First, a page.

I agree with you that I would rather have sports playing girls than cheerleader girls, but sometimes we don't get to choose what our kids love. I have one hockey playing daughter and one who does cheerleading. Both are cool girls that I love with all my heart.

As long as you love her, she will turn out exactly as she should...a full person who happens to like some girly things.

Blog Antagonist said...

I think there is such thing as a born girly girl. My mom was a hairdresser and we were brought up as girly girls. However, my two sisters are very un-girly. I am very girly.

One of my ungirly sisters has the only female grandchild. She is surrounded by boys, and her mother has zero interest in hair, make-up, and the like. And yet, she delights in dress-up, domestic play, and make-up. She adores purses, shoes and jewelry. She is girly to the max.

I don't think there is anything wrong with embracing femininity because I don't think femininity is the antithesis of intelligence and empowerment.

Chicky Baby can still rule the world. She'll just be doing it with matching shoes and handbag. :?)

The Domesticator said...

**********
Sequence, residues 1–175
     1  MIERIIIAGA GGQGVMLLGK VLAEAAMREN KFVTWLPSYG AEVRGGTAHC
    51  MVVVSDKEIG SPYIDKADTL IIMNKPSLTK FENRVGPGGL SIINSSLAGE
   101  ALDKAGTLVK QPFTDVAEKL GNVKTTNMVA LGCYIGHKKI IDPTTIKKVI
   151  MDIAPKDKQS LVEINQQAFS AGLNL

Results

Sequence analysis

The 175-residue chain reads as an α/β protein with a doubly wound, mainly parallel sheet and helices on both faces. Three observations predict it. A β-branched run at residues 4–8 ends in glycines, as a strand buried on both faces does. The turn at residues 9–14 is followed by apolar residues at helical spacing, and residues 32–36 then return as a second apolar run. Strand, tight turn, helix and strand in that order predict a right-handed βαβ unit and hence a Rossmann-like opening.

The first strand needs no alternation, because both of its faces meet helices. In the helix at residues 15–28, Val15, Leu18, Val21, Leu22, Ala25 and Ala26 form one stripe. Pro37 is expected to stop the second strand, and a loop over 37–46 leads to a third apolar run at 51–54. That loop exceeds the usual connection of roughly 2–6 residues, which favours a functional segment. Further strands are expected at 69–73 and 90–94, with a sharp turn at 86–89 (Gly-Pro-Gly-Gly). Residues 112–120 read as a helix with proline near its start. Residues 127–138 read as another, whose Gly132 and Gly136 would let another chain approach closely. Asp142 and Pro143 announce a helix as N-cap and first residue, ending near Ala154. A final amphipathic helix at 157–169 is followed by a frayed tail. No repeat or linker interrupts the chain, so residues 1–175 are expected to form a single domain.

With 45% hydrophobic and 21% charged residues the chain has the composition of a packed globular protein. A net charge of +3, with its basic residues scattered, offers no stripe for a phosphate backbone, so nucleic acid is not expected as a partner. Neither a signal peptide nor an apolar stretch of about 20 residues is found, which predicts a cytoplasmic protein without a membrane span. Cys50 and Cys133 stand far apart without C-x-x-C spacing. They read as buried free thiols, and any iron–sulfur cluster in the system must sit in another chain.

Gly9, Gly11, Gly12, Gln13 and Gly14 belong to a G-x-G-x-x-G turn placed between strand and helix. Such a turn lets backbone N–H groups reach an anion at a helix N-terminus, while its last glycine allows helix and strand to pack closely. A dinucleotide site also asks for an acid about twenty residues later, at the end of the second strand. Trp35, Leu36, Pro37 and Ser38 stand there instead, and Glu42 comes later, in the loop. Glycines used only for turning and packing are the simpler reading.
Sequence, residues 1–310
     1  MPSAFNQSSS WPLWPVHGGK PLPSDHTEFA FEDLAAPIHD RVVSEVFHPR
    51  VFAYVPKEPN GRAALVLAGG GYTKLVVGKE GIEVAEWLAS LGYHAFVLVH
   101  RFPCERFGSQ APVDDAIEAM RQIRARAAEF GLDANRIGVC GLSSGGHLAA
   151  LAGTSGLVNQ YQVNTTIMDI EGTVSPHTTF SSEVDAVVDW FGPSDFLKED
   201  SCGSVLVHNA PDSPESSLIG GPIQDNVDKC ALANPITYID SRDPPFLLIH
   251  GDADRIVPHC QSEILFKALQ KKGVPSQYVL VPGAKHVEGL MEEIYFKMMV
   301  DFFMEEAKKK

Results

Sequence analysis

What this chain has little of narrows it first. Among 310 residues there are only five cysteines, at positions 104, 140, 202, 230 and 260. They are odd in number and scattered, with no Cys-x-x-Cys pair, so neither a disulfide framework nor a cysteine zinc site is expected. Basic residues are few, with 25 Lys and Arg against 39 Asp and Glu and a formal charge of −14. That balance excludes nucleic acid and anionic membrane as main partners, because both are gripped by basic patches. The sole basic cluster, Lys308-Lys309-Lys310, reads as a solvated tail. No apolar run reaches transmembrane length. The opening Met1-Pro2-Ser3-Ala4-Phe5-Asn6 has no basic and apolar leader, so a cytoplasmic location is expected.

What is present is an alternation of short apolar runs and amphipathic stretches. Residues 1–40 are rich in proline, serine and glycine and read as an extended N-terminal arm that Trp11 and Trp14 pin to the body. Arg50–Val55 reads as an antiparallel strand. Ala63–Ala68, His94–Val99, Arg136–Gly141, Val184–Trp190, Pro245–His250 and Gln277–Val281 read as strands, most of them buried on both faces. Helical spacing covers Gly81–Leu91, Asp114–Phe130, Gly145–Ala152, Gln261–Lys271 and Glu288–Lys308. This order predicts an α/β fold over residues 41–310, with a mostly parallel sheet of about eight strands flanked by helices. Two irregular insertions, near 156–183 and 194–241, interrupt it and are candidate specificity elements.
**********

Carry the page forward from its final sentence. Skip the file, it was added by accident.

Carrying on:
My husband and I often have this same discussion. My daughters are both girly girls, and I was NOT when I was growing up (I was a tomboy, called myself "Russell"....heheh....) anyway, where was I? Oh yes....my girls...they are princesses, and it has nothing to do with either my husband or I. They just are that way. And I think it is cute. I say as long as they are happy being who they are, that is just fine.

Sparky Duck said...

I envision the first NFL female placekicker having a remarkable resemblence to Chicky in the future.

Anonymous said...

Funny. I have a followup to my post on the girly girl since my daughter has just gotten 2 new barbies, and enough princess attire that it looks like someone vomited pink in our house.

That being said, I don't think of the issue that people have with the barbies etc as being de-sexing as more to what it represents -- unrealistic self images and at times (depending on the toys) inappropriate.

To follow that, however, I think there's nothing wrong with the fairy tales etc.. when there's a parent says "hey, that's not the end all -- you don't need a prince, but it's nice having him around to do the dishes"